Focus. Benson is single-minded. When I arrived at the competition, I sat next to him in the audience of the preceding weight class. We did not speak. He with his hood and headphones, me with my smart phone. We went out to dinner the evening before and I asked about his plans. He said, “I don’t know. I’m not looking past tomorrow.” This is a lesson for me. Focus on the immediate goal. The project that is due. The exam. Your workout. Month end. The drive home. Know what you want and focus on it. As for me, for the last ten months, it’s been sobriety. As a friend told me, “Just don’t have a damn drink.” For Benson, it is the competition at hand. Not the one next month. Not reliving the two bronze medals from last year. It’s about this competition right now.

I am amazed that Benson could rally back from the extreme low of failing completely in his first three lifts to come back and get the gold medal. That grit. That tenacity to succeed after failure. That is what I am most proud of. So even if you do fail, dust yourself off and stick with it. Success is around the corner.

Tenacity. My Son’s Secret to Success.

My son, Benson, just won a gold medal in a weightlifting competition. He wasn’t even a competitive weight lifter 12 months ago. I’m dumbfounded. How the heck did he do it? What about the 10,000 hours of practice that Malcolm Gladwell espoused in his book, Outliers? My son hasn’t been lifting anywhere close to 1,000 hours. So what gives? The only thing I can figure is that it’s his tenacity. He has that in spades. Tenacity.  My son's secret to success.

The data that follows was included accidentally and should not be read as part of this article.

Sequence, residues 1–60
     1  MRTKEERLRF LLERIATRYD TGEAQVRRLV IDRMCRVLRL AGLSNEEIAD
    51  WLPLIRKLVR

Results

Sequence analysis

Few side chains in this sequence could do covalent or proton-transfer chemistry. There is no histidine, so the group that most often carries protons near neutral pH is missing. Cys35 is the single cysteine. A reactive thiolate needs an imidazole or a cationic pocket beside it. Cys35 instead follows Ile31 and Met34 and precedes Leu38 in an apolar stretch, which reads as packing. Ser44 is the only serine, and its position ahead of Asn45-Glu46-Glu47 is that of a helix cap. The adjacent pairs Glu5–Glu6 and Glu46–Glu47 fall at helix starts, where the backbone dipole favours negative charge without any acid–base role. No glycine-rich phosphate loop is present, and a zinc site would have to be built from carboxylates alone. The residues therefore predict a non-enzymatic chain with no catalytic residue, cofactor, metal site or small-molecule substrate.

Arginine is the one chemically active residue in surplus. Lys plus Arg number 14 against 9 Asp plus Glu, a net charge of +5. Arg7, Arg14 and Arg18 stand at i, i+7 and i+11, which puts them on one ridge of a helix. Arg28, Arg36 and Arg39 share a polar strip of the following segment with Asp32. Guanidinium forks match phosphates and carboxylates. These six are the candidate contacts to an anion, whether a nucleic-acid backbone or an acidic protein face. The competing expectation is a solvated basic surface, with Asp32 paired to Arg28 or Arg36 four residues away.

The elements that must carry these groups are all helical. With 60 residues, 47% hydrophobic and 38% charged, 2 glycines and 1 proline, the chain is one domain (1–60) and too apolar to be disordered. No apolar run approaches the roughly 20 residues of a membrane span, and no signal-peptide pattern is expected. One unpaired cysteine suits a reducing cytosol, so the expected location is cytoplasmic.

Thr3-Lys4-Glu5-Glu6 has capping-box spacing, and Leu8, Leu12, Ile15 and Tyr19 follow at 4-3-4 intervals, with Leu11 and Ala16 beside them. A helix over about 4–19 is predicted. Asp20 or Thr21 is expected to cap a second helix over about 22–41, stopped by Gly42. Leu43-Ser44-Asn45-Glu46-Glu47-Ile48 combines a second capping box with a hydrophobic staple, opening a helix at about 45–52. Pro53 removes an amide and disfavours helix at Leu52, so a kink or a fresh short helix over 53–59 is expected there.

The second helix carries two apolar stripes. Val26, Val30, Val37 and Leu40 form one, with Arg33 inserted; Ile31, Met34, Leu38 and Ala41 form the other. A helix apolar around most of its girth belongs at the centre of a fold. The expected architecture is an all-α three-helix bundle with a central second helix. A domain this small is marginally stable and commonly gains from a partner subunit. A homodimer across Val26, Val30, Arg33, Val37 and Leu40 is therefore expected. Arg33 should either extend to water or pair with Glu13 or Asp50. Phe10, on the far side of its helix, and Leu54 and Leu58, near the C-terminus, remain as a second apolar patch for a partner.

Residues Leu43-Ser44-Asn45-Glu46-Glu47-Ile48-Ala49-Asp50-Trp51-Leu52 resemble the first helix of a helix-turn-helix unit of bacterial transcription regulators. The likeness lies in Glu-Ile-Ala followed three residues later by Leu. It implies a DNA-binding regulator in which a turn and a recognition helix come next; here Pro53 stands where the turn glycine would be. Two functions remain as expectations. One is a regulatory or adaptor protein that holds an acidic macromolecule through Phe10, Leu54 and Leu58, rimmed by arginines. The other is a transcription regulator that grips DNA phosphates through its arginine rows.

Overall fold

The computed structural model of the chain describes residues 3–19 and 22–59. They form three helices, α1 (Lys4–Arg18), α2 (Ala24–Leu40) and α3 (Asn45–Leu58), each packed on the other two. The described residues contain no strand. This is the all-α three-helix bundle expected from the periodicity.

He has always been an athlete. He started playing soccer at the age of 4, then basketball in elementary school, followed by football, then wrestling and track to fill out his school year with sports. I have to say, he always showed up to win. No matter the odds. The cross town rival high school with kids twice the size of our team and a bench twice as deep, Benson always planned on winning. No matter, he would plan on winning the next game.

So what is the secret to being tenacious? Here is my take.

1. Humility. Tenacity becomes stubbornness with the loss of humility. As written by The Innovative Brain, “We all have experienced the stubborn person, and know from direct experience that stubbornness gradually causes a person, no matter their brilliance, to be marginalized.” I have to say that this is where my son really has developed in the last few years. I can remember lost soccer games when he was about 8 years old and he would be inconsolable. It was almost like he didn’t understand how If he did his best, the team could possibly lose. I don’t remember the tipping point but he has gained humility in recent years. Perhaps it’s maturity, or self-awareness, maybe a coach. Maintain humility.

2. Point B. Benson always knows where point B is. Whether it was qualifying for a state wrestling championships or a gold medal in the state championship track meet. Benson always goes big. You have to have aspirations for tenacity to show up. What’s the point of perseverance if your point B is getting to Friday at the end of the workweek? Benson has had so many audacious goals that if he told me he was going to go on a mission to Mars, I’d believe him. Be very clear about what your point B is and go after it.

3. Work. You can’t just wish things into happening. Tenacity involves a lot of work. Hard work. Rain or shine, my son has been lifting weights for the last 9 months, regardless of the sport. If it’s Wednesday, and therefore practice day, and we are in Key West on vacation, then he’s running sprints at 6 AM. I remember when we were looking at colleges, we would have to stop so that he could do his allotted training in a random college track. “Mommy, it’s Wednesday, I have to work out”. I think he knows every Crossfit location in lower Florida and eastern Carolina. He does the work without fail.